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One method was tangents and the other was average velocity at half-time. Could you please explain these methods to me? (in terms of graphical use)

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- Thread starter rum2563
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- #1

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One method was tangents and the other was average velocity at half-time. Could you please explain these methods to me? (in terms of graphical use)

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I'm guessing that what you mean is, when you plot displacement vs. time on a graph, the tangent at any point will have a slope that is the instantaneous velocity.

I don't know what you mean by the other method. There are tons of ways to find a velocity, literally hundreds, it is all situational.

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One method was tangents and the other was average velocity at half-time. Could you please explain these methods to me? (in terms of graphical use)

I feel I should point out that finding the average velocity of an object will

[tex]s = s_{0} + v_{0}t + \frac{1}{2}at^2[/tex]

[tex]v = v_{0}t + at[/tex]

[tex]v^2 = v_{0}^2 +2a\left(s - s_{0}\right) [/tex]

If an object experiences a constant acceleration, then these equations can be used to compute the instantaneous velocity for an object given the elapsed time or the displacement.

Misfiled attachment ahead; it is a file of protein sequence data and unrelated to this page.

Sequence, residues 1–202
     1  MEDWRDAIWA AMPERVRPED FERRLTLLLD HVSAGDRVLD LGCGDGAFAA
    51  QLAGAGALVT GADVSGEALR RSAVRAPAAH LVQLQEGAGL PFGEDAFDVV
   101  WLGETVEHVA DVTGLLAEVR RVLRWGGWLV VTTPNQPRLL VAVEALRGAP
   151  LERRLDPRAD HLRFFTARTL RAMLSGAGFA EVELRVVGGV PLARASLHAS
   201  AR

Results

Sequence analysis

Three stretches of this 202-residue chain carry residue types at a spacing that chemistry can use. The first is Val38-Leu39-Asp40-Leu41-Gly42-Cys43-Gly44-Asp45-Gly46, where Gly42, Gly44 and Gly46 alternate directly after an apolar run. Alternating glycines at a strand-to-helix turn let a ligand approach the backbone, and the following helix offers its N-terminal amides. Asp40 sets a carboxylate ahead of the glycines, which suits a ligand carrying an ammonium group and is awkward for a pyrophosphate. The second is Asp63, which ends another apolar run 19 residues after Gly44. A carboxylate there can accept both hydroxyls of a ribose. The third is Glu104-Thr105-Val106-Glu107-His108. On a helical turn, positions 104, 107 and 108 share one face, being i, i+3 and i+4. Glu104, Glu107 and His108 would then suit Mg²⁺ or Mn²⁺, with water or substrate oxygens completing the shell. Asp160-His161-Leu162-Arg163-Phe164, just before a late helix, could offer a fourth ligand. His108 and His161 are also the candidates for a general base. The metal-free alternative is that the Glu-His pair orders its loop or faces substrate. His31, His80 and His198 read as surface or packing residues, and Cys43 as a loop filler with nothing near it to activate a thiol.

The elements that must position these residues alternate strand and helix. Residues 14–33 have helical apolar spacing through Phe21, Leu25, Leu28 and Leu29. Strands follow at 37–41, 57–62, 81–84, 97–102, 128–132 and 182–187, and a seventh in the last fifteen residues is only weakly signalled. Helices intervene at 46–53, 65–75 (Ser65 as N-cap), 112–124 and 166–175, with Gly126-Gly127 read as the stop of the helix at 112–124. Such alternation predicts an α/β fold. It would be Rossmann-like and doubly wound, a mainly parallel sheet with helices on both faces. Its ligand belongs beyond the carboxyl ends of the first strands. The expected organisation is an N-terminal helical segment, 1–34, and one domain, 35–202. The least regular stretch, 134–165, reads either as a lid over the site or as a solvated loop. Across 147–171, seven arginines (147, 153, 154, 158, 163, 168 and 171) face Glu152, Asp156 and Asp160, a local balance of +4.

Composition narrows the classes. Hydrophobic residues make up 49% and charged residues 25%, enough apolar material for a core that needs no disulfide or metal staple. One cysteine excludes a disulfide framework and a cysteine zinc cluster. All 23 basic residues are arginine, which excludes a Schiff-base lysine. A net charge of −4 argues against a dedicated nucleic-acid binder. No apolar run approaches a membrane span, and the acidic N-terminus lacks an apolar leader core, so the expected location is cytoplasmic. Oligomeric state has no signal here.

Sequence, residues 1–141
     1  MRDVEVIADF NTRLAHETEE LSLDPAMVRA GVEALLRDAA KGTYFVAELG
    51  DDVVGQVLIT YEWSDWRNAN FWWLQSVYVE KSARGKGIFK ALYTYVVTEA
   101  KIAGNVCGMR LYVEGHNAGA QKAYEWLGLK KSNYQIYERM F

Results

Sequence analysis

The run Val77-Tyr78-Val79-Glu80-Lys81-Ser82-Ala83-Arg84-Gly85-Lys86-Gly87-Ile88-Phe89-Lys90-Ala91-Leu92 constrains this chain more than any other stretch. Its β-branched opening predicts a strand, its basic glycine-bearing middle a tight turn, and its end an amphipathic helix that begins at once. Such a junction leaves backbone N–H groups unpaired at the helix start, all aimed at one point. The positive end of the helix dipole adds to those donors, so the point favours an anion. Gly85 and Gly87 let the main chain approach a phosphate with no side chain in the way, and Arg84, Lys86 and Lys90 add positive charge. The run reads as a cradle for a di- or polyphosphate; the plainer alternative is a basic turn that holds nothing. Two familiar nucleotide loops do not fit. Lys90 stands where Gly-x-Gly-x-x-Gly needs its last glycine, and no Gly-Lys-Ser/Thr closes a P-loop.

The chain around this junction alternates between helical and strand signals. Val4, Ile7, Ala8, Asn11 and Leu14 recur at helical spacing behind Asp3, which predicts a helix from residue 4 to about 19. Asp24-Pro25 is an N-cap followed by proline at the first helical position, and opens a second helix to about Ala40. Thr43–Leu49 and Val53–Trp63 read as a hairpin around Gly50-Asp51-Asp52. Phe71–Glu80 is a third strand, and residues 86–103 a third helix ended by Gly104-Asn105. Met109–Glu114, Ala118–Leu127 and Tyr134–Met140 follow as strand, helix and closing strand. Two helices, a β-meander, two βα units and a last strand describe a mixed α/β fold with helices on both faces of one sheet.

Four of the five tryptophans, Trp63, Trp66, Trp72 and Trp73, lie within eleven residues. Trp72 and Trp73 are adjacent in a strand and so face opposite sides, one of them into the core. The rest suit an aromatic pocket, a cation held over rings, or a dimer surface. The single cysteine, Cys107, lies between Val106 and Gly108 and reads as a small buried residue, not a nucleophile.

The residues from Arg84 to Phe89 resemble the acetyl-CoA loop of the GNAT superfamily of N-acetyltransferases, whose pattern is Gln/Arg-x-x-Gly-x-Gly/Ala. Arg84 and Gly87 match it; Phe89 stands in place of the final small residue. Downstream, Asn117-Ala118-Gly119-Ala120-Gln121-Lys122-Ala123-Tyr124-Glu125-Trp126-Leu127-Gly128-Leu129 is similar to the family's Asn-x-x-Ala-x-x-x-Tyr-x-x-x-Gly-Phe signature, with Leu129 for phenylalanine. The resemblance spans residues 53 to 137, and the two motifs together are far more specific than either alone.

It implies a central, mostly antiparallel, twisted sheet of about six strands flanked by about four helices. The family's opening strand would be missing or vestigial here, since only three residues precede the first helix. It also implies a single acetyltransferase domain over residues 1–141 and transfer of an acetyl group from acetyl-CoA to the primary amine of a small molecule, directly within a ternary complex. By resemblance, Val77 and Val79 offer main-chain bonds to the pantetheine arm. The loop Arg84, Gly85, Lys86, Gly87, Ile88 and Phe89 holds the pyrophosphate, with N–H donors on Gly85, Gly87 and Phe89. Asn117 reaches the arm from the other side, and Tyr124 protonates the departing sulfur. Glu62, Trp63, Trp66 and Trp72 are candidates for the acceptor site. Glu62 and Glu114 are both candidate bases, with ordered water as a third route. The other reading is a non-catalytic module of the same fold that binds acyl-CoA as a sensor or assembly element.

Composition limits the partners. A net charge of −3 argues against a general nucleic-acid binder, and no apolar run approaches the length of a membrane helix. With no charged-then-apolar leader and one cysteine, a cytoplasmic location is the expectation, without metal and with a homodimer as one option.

Incidentally, there is a certain theorem in mathematics, the Mean Value theorem which says that given some time interval, a moving object's instantaneous velocity will be equal to its average velocity over the entire interval at

- #6

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One method was tangents and the other was average velocity at half-time. Could you please explain these methods to me? (in terms of graphical use)

The 2nd method can be applied only when the acceleration a is constant. Then the velocity is calculated as :

v=vo+at

and if you calculate the velocity at midpoint of the to=0 and t1, you have:

vad = vo+(a*t1)/2= 1/2(2vo+a*t1) = 1/2[vo+(vo+a*t1)] =1/2(vo+v1)

That is the average of vo and v1.

Where:

vad : instant velocity at midpoint

t1 : the time when you have velocity v1

Or more simply, you can graph the v against time, there will be a triangle.

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HallsofIvy

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Ah, excellent! Haiha has it exactly. I was wondering myself what your teacher could be talking about but that has to be it.

Although, however, it is going the other way. If an object has**instantaneous** velocity v_{0} at one point and instantaneous velocity v_{1} at another point **and** has constant acceleration then its average velocity between those two points is (v_{1}+ v_{2})/2. Of course, if you know the velocity at one point and the average velocity, you can use that to find the instantneous velocity at any point (still with the assumption of constant acceleration).

Although, however, it is going the other way. If an object has

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